The effect of offshore wind turbines on the swell reaching Kent surf beaches is not significant enough to cause a noticeable reduction in wave quality. Offshore wind farms are designed to harness wind energy, not to act as barriers for ocean waves. However, they can have a small impact on local wave conditions, and it has been reported by Kent surfers that they have seen a change in power and swell.
When a wind farm is installed, the wind turbines do interact with wind patterns and can cause small-scale turbulence in the immediate vicinity of the farm. This effect is limited to a relatively small area around the wind turbines, and the impact on wave energy and swell propagation dissipates as waves travel away from the farm.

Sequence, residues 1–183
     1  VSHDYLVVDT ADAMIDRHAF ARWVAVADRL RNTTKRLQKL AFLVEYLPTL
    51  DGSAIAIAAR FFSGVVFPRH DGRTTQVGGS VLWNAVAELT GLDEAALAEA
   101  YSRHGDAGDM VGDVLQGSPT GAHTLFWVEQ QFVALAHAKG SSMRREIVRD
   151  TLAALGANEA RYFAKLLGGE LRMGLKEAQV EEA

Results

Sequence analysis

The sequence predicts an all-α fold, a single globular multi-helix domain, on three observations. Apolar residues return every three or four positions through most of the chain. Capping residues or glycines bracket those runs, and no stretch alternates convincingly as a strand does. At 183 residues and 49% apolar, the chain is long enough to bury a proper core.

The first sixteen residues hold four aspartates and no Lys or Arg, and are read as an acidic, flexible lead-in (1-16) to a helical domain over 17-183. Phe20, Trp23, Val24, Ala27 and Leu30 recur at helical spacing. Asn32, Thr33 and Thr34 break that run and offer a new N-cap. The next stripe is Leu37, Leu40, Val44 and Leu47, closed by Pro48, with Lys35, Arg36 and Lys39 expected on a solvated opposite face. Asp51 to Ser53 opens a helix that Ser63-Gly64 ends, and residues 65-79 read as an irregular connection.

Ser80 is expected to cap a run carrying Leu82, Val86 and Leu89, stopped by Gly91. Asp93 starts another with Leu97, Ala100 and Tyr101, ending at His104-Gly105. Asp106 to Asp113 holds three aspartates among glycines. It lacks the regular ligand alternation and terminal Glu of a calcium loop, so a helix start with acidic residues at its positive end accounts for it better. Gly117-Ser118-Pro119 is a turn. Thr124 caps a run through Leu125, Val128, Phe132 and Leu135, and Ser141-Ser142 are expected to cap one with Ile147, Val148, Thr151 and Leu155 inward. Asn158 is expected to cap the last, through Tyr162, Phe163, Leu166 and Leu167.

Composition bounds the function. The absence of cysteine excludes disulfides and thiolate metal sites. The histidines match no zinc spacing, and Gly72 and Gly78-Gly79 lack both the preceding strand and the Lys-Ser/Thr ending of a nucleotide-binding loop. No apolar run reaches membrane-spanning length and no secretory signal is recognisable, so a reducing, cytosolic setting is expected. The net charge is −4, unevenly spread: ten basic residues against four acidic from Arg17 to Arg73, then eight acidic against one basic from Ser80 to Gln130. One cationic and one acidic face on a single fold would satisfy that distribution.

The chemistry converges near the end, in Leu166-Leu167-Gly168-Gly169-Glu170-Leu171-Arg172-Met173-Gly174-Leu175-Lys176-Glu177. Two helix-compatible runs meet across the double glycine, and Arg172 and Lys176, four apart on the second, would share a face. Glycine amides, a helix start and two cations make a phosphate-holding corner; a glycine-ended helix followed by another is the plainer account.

It is unlikely that a wind farm located several miles offshore would significantly reduce the swell reaching the surf beaches of Kent or other coastal areas. Swell is generated by large-scale weather systems and propagates across distances, so the localised effects of a wind farm would likely be minimal. While it’s possible that an offshore wind farm in Kent could slightly alter the local wave climate, the effect would likely be very small and not noticeable to surfers in theory.
In conclusion, Kent’s offshore wind turbines do not have a significant impact on the swell reaching Kent surf beaches, and any effect they might have would likely be negligible.